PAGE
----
3M hosts Oral Health Council: International group explores improvements in oral health standards

3M hosts international council to foster action plans for oral health improvements in a variety of countries.

Dec 20th, 2016

As a step to ignite worldwide change for oral health, 3M welcomed professionals and policy makers from around the world to the first-ever Oral Health Council on Nov. 28-30 at the 3M Innovation Center in St. Paul, Minn.

The meeting served as a forum for industry leaders from Chile, China, Bolivia, Colombia, the United Kingdom, Peru, Russia, and the United States to share the challenges their countries face in delivering care to patients. Attendees learned from industry experts about preventive science innovations, how to better care for elderly, special needs and pediatric patients, and how to implement effective policy for oral health.

Attendees walked away from the meeting with solid action plans to improve oral health in their communities.

“Governments are instrumental in influencing the standard for healthcare, so people with a voice must advocate for change—even if it starts small at first” said Simon Hearne, international vice president for 3M Oral Care. “As a global industry leader, 3M is taking the responsibility to help people who can inspire change create a network that will aid them in promoting preventive oral care within their communities.”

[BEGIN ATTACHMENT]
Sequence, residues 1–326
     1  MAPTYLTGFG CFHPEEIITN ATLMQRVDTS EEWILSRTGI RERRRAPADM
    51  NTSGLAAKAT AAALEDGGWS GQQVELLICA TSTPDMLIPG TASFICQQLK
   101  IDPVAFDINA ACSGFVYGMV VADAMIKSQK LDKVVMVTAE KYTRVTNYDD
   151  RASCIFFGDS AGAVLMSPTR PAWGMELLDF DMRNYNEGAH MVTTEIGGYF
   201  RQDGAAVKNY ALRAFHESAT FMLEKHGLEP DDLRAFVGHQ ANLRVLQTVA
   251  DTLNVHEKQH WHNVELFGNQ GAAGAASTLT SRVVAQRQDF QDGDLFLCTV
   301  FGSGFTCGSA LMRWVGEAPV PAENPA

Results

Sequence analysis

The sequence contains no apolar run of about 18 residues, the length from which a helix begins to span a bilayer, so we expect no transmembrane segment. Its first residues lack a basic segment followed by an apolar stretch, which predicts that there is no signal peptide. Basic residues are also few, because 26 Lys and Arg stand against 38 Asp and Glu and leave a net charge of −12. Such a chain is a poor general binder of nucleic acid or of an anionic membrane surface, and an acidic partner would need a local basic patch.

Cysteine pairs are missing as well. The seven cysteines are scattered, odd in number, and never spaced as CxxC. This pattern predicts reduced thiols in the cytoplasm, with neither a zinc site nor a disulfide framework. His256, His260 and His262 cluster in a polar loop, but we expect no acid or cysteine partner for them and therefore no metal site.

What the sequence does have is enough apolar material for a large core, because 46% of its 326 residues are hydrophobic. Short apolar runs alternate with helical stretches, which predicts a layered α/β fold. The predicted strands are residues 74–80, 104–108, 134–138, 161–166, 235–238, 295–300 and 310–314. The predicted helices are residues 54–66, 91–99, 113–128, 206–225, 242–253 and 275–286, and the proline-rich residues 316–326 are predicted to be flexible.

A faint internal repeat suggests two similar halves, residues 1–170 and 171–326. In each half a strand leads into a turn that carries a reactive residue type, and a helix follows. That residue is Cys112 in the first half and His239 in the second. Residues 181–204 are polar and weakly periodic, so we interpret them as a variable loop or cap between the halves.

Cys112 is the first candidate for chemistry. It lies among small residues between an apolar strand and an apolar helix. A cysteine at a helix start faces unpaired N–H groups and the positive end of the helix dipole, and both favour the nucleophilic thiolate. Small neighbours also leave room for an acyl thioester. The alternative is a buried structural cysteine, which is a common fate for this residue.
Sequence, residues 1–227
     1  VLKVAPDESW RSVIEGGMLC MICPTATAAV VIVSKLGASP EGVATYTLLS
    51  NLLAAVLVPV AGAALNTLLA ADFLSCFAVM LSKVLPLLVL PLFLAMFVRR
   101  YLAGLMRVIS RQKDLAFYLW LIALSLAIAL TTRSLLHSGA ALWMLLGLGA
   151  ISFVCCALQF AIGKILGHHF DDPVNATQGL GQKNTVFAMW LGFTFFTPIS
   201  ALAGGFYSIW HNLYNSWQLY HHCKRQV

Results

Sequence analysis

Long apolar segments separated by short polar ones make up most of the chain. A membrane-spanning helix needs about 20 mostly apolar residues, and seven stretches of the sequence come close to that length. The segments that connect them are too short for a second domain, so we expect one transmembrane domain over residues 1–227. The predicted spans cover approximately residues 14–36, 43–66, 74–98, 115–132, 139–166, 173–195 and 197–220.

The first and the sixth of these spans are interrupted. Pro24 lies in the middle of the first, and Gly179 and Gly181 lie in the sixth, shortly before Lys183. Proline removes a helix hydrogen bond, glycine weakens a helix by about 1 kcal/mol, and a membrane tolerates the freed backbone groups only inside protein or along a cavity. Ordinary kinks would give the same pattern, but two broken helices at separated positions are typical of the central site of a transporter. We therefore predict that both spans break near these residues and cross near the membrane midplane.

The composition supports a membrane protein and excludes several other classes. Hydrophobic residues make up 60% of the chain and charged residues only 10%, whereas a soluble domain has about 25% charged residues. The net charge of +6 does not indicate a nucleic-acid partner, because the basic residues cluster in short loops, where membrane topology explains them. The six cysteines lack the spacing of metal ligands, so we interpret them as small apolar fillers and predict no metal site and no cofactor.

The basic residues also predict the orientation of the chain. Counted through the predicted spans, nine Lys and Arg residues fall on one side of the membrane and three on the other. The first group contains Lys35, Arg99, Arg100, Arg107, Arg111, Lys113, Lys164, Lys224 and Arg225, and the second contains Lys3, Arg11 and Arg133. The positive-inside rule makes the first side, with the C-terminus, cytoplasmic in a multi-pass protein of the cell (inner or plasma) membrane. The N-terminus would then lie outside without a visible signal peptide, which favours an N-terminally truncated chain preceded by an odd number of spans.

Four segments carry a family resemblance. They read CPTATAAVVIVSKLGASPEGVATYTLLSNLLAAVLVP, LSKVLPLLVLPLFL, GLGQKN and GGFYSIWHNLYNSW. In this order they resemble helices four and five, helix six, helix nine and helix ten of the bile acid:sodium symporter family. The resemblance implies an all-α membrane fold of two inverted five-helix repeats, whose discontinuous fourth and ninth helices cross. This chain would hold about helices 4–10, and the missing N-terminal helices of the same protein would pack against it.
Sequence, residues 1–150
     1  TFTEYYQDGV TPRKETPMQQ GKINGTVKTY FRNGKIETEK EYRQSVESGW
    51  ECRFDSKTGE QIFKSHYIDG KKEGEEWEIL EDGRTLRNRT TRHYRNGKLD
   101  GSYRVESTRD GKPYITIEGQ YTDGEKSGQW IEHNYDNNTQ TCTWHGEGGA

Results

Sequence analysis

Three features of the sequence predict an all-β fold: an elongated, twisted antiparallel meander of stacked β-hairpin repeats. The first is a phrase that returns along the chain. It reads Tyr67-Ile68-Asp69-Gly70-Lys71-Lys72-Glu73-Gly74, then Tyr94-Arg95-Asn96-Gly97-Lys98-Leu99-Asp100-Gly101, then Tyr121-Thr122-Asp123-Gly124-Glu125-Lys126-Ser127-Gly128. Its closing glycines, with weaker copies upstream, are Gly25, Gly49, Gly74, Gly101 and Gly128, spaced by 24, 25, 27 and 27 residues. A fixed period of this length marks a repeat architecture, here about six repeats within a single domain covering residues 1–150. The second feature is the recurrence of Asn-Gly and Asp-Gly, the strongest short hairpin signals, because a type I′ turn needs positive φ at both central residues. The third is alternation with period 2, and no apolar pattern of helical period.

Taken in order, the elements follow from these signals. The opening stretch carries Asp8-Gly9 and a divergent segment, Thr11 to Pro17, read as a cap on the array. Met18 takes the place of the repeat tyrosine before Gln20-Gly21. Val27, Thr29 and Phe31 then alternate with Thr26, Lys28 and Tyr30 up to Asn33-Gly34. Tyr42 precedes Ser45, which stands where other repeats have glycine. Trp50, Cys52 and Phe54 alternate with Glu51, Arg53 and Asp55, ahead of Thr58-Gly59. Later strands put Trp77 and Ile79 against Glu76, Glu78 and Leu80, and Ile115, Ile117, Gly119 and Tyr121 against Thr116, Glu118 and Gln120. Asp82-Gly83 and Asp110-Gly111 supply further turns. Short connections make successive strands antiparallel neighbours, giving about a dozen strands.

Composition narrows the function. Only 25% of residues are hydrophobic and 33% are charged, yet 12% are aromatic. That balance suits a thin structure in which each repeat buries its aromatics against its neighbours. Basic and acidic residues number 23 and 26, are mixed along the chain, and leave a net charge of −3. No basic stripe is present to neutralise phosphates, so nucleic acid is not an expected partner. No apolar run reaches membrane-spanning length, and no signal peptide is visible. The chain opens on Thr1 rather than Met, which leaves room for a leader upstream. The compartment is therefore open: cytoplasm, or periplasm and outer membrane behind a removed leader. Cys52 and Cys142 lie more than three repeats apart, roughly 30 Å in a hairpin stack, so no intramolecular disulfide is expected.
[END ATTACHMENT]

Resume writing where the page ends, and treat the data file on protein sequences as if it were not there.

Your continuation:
The council lasted for three days. At the conclusion, the council members presented individual action plans to implement in their countries. The plans were developed with three goals in mind: to share, to unite, and to advocate.

As members of the Oral Health Council, each country will share best practices, activities, and data with each other while aiming to unite procedures, protocols, and standards. The council members know that oral health is a human right, and will use their influence to pave the way for improved oral health in their countries.

Each country is using the first year following the council meeting to increase basic coverage in school-aged children to set them on a trajectory for good overall health. While these pilot programs are implemented at a community level, council members will work toward three-year and five-year programs to grow territory coverage and reach vulnerable populations including elderly, pregnant, and special needs patients.

3M said it was keeping in touch with council members, and will work to keep the dental community updated as the plans unfold in each country. The company also said it plans to continue this global initiative, and looks forward to the impact this council will have on the future of worldwide oral health.

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